By Jenina P. Ibañez
DEEP in a furniture factory in Laguna, past the workers cutting and polishing desks and chairs into shape, a group of men are rolling out the last of the crates from a warehouse once filled with lumber.
Designs Ligna, Inc. is scaling down its furniture factory after a slump in exports, which is not new. The furniture industry has been in a bind since buyers abroad, spooked by the 2008 global financial crisis, cut imports from the Philippines.
Industry experts earlier predicted that manufacturers fleeing the US-China trade war would bring growth opportunities to the Philippines — but that is not happening.
“The US is traditionally our biggest market for furniture,” said Nicolaas K. de Lange, president of Designs Ligna.
“With the trade war going on, manufacturers from China are looking at relocating elsewhere in the region. Most of them are going to Vietnam, and some go to Indonesia.”
The country’s furniture production has been falling since January. In August, output declined by 43.4% compared with 23.4% growth a year earlier. The country’s overall factory output has declined for nine straight months through August, according to the Philippine Statistics Authority.
Meanwhile, furniture exports fell by 23.5% in August from a year earlier, while sales for January to August declined by 9.2%.
Mr. de Lange, a former chairman of the Chamber of Furniture Industries of the Philippines, said the country is not attracting investors because there is no local infrastructure to support companies’ manufacturing needs.
The country’s factory workers risk losing their jobs as export companies scale down or close shop.
But wages and labor protection are also cited as reasons the country is not attracting enough investors.
“There seems to be a general hesitation to grow in size because of the fear of labor,” Mr. de Lange said in an interview at his factory in Laguna province.
Security of tenure under the Labor Code makes it difficult for factories to downsize as soon as sales go down in a precarious industry, he said.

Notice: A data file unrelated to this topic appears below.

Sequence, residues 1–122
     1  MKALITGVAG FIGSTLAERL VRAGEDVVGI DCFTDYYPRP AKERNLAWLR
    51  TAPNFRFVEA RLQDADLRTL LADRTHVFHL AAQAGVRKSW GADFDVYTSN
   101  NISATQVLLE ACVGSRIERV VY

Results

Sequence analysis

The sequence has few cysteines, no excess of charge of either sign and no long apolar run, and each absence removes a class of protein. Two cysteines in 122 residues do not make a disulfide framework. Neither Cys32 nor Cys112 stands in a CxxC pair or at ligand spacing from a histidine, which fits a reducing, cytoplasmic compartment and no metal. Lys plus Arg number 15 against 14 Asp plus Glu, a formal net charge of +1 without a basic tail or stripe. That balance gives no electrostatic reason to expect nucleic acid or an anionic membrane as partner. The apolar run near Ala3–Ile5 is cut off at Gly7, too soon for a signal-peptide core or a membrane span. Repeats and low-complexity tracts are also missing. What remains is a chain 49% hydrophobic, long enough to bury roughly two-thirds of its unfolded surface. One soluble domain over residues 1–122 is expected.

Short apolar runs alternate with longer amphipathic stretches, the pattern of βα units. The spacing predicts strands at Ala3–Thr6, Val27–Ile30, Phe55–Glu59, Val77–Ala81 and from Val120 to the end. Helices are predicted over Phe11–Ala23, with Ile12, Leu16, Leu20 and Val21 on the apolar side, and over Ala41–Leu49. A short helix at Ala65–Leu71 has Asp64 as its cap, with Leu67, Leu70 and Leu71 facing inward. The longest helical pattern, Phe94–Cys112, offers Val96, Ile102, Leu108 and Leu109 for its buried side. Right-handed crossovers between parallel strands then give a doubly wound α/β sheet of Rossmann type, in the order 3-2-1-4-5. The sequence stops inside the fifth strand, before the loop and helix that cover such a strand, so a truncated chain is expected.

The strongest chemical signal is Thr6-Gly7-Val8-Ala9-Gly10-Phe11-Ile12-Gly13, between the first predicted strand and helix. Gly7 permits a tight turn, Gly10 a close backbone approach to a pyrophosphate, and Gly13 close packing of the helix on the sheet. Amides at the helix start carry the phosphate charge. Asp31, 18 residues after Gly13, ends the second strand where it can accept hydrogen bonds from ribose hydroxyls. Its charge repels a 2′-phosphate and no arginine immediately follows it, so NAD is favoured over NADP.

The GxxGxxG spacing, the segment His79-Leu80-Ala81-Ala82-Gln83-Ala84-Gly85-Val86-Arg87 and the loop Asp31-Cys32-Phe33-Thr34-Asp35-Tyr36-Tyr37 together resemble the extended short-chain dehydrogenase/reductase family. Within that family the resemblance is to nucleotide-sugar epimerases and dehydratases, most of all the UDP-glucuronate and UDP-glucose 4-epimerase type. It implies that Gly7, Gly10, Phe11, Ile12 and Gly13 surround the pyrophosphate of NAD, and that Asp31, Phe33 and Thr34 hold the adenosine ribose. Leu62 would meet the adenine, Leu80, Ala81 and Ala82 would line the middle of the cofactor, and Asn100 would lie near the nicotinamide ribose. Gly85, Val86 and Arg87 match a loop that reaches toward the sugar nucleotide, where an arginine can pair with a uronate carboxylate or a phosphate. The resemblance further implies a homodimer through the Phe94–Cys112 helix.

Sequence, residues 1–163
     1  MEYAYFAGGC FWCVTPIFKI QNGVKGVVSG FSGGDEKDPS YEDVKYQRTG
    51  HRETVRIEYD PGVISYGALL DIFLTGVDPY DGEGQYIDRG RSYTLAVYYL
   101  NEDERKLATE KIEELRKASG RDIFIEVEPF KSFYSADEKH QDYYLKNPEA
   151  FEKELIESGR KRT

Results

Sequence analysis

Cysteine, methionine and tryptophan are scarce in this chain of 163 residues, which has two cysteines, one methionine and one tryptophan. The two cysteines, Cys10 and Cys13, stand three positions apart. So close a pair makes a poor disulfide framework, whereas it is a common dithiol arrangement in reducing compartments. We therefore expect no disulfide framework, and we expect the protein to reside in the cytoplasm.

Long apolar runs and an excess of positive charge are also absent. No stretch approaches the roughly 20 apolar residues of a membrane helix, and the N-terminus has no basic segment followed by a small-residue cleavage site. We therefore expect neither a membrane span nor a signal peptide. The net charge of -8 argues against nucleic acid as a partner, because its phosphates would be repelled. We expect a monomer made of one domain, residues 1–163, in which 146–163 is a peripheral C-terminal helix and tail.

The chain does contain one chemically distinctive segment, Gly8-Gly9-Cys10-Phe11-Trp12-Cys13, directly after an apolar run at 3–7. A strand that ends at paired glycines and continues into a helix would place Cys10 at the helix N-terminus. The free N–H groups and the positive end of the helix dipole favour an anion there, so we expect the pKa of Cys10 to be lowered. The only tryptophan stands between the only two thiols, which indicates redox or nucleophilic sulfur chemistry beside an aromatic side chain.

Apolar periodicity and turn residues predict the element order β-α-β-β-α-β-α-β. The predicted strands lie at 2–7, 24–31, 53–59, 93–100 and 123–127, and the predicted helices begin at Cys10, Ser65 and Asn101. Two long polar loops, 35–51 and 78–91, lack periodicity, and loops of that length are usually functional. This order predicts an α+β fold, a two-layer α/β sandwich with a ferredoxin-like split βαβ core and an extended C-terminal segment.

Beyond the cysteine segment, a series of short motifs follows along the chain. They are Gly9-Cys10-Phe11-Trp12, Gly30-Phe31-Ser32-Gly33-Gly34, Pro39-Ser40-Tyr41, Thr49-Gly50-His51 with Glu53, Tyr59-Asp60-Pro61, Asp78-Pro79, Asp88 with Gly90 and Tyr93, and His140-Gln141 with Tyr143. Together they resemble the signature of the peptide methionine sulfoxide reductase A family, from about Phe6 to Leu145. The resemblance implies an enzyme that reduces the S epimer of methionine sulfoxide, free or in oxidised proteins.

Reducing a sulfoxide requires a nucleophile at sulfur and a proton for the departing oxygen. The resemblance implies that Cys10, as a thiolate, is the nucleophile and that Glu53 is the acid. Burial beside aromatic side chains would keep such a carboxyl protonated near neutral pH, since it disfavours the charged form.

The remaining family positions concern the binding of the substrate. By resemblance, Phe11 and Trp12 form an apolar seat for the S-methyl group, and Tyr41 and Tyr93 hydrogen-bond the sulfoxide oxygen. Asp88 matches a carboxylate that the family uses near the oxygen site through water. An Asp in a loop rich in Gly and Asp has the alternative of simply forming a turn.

But Alan A. Tanjusay, spokesman of the Associated Labor Unions-Trade Union Congress of the Philippines, said workers should not suffer.
“They are looking at labor as a commodity instead of looking at workers as a partner in business,” Mr. Tanjusay said in Filipino.
“That will cause difficulties for the business because it does not promote productivity, harmony and wellness in the workplace.”
He added that declining industries take their toll on workers who face unemployment and underemployment
Businesses could shift to contractual arrangements and may put the health of workers at risk if employers abandon safety standards to cut costs.
Meanwhile, electronic manufacturers from China are moving to Vietnam — not to the Philippines — given lower operating and labor costs there, said Danilo C. Lachica, president of the Semiconductor and Electronics Industries of the Philippines, Inc.
Mr. Lachica is concerned that changes in the country’s tax incentive program could further discourage investors. The semiconductor industry accounts for more than half of Philippine exports.
The proposed Corporate Income Tax and Incentives Rationalization Act now being reviewed by the Senate will rationalize tax incentives and gradually lower corporate income tax.
“Our operating, power and logistics costs are higher so it helps to have incentives,” he said in an interview. He expects job losses if investors leave.
Merchandise export sales slipped 0.1% year-on-year to $52.556 billion in the 10 months to September, the Philippine Statistics Authority reported on Wednesday. Electronic products, which made up 56% of the total, grew 2.2% to $29.654 billion in the same comparative 10-month periods, while semiconductors — which made up 73% of electronics sales and 41% of total merchandise export sales — edged up a percent to $21.688 billion.
Trade Export Marketing Bureau Director Senen M. Perlada said alliances in the trade war are moving, with US companies blacklisting Chinese suppliers.
The government, he said, can’t do much for electronics because the sector relies on global demand.
“The electronics slowdown had been happening before the trade war, as global value chains adjust to the switch in demand from 4G to 5G technologies,” Mr. Perlada said in a telephone interview.
Beyond foreign investment, Mr. de Lange of Designs Ligna is concerned about local industries. “You see the government luring foreign companies to invest in the Philippines. But what about Philippine manufacturers? How do we survive?”
Exports at Designs Ligna used to make up more than 70% of their market. Now it stands at 45%, and domestic demand is not strong enough to make up for the loss in exports.
Mr. de Lange said there is a healthy domestic market for furniture, but Filipinos are not buying local products. “I suspect that the local market is dominated by imports,” he said.
At the Designs Ligna factory, near the now-emptied warehouse, factory worker Noel D. Belarmino cuts pieces of wood into smaller planks.
He has been with the company for 32 years, having seen its heyday and its recent dip.
“There are countries that won’t buy from us any more because our prices are higher than theirs,” he said in Filipino.
But he is not worried. “Products made by Filipinos have better quality.”
Mr. Belarmino is aware of possible job losses as exports decline. But he is confident that the quality of their work will attract more buyers.
“If we work hard at finding clients, we can do it.”